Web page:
Disclaimer: The statements made in this post are the opinion of the author. They should not be viewed as financial advice. Please consult with a financial specialist before making any financial decisions.
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I’ll be honest, as a low-income professional, it is extremely difficult to save a large amount of my income each month. With a couple kids at home, I’m lucky to save anything.
But I have managed to create a budget that should keep us living within our means while I ramp up my income with a side hustle.
That being said, life doesn’t always go according to plan and I’ve realized that sometimes I’m left holding the bag at the end of the month.
That is why I’ve started thinking about “Oh Crap” money.
Oh Crap, There Goes the Budget
Recently, my wife and I were out running some errands when my wife notices that one of our tires was basically fileted open. The wires were frayed and it was obvious that that tire wasn’t going to make our trip the next day.
Fortunately, I had been tracking my spending so I knew how much money we had left. We could afford new tires.
We went to Costco (have I mentioned that I love Costco?) and got in for our tire appointment.
Now the last time I had bought tires it had been for a small sedan. While my Kia Sportage is not a truck, the tires are significantly larger than the previous ones we bought.
The bill was nearly twice as high as I had originally anticipated.
With two more weeks left in the month, we would be scraping by.
Fortunately, I had “Oh Crap” money in the budget.
What is “Oh Crap” Money?
There are different ways to allocate your money that isn’t used for expenses or spending. A large chunk of that should be for saving and investing, another chunk—at least for a while—should be towards your emergency fund, and the last chunk should be your “Oh Crap” money.
“Oh Crap” money is funds that you have in your budget for when you inevitably say “Oh Crap” at some point during the month.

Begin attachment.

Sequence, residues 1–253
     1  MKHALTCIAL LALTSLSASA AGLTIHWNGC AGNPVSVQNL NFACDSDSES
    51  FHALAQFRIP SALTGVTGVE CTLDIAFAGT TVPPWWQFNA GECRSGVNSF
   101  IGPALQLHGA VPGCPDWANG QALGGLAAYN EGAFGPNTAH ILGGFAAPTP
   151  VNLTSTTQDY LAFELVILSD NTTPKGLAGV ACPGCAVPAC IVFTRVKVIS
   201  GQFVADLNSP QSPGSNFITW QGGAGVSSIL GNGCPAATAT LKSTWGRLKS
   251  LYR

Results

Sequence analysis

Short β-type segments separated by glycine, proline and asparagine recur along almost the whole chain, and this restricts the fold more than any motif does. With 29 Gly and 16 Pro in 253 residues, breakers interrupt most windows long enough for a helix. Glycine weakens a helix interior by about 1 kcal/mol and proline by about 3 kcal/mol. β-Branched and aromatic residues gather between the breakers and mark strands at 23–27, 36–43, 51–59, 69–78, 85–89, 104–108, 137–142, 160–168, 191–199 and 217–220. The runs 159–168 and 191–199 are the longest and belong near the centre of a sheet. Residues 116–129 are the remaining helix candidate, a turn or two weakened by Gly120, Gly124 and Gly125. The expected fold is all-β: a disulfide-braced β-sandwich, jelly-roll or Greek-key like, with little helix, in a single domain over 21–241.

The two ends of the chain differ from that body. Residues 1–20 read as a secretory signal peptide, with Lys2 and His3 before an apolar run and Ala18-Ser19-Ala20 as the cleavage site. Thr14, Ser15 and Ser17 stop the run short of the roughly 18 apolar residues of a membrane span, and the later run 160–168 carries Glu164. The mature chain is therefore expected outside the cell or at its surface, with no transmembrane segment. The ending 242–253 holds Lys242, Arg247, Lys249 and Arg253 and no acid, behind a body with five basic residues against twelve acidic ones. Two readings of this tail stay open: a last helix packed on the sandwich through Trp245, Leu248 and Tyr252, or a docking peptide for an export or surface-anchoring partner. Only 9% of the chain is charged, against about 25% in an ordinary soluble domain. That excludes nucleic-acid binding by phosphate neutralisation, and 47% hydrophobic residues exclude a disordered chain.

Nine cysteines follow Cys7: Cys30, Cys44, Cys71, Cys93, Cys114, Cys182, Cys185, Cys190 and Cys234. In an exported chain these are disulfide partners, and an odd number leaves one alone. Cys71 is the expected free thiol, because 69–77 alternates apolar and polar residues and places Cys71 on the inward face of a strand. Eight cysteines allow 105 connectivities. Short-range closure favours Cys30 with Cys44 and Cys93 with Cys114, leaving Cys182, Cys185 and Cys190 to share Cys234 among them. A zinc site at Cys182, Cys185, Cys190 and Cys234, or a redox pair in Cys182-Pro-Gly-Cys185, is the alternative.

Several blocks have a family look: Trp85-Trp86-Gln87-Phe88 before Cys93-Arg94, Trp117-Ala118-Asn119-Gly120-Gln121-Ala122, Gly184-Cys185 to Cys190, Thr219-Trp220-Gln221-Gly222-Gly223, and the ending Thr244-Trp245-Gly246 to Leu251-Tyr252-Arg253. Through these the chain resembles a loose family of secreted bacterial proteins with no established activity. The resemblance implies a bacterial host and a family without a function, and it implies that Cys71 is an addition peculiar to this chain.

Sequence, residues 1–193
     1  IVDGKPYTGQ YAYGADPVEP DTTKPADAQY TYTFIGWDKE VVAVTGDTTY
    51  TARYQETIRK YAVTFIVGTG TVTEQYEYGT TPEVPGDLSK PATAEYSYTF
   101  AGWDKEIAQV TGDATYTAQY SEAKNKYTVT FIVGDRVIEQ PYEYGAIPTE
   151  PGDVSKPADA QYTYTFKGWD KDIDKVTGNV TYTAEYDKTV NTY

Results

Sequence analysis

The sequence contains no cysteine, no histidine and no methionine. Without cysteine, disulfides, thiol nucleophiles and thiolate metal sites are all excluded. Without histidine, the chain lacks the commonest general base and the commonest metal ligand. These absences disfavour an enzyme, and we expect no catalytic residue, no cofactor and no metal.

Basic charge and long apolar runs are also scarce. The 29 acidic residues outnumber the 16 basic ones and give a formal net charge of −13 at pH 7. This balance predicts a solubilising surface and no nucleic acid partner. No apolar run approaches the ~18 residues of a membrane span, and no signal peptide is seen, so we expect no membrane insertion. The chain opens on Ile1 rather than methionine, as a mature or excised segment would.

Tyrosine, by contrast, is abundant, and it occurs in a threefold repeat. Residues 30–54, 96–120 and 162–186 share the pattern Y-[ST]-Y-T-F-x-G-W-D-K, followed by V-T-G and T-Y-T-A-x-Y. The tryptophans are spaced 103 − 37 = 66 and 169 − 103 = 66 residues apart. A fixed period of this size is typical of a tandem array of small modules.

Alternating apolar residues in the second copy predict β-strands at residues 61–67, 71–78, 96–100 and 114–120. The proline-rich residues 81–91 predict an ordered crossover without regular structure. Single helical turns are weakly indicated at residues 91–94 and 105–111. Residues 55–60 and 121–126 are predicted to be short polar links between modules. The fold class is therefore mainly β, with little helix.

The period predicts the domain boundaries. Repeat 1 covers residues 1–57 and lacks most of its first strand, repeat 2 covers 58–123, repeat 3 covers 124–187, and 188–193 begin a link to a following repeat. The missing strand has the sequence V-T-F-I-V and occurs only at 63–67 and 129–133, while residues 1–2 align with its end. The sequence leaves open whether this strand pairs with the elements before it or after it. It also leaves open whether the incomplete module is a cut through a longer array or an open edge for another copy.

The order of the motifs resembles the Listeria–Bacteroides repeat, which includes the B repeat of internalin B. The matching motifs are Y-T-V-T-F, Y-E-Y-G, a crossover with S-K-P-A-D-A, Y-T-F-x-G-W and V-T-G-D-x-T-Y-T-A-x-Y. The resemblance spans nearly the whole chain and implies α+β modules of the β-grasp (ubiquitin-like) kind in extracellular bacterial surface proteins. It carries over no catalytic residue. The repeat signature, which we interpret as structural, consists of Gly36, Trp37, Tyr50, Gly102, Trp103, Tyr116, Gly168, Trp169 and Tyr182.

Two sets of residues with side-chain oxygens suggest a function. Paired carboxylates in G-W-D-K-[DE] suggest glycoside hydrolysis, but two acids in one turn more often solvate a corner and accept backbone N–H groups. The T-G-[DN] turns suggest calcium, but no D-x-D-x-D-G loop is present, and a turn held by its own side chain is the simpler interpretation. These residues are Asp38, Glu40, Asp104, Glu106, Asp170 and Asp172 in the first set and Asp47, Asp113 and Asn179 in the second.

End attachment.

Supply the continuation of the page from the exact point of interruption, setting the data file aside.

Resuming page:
Maybe you or a child has to go to the doctor, or your microwave breaks, or your car needs to be repaired. Any of those things that seem to come up every month, but you can’t predict which one it will be this month.
Mine was tires this month, but last month was registering a vehicle and paying for a test (not my favorite way to spend money). Just those random things that always take their chunk out of your budget when you least expect it.
Any time an expense comes up and you think “Oh Crap”, that is “Oh Crap” money.
“Oh Crap” Money Vs An Emergency Fund
But, you might ask, isn’t that what an emergency fund is for? While I admit these two ideas are very similar, and can be connected, there are some important differences.
First, an emergency fund is a large lump sum of money you have in your bank account waiting for an emergency. “Oh Crap” money is a section of your budget to be dispensed every month.
Second, an emergency fund should only be used in dire need. An EMERGENCY. While you need tires, it really isn’t a huge emergency because there are financing options, you still have income coming in, and they are relatively inexpensive. The “Oh Crap” money will be used each month or allocated elsewhere.
Third, an emergency fund should be used for really large expenses (like your entire out of pocket maximum for a medical bill) or a chronic problem (like unemployment), and “Oh Crap” money is more for the minor annoyances.
To make it more clear, I’ll give some examples.
If you need to pay a forgotten bill, you will use that month’s “Oh Crap” money (because it is a small expense).
If your transmission goes out, you will use your emergency fund to replace your transmission or buy a new car (because it is a large expense).
If you make it through a whole month without an “Oh Crap” moment you can save that money, invest it, or spend it frivolously depending on your goals.
If you use your emergency fund to buy a new car, you can put your “Oh Crap” money towards replenishing your emergency fund until you are satisfied with it.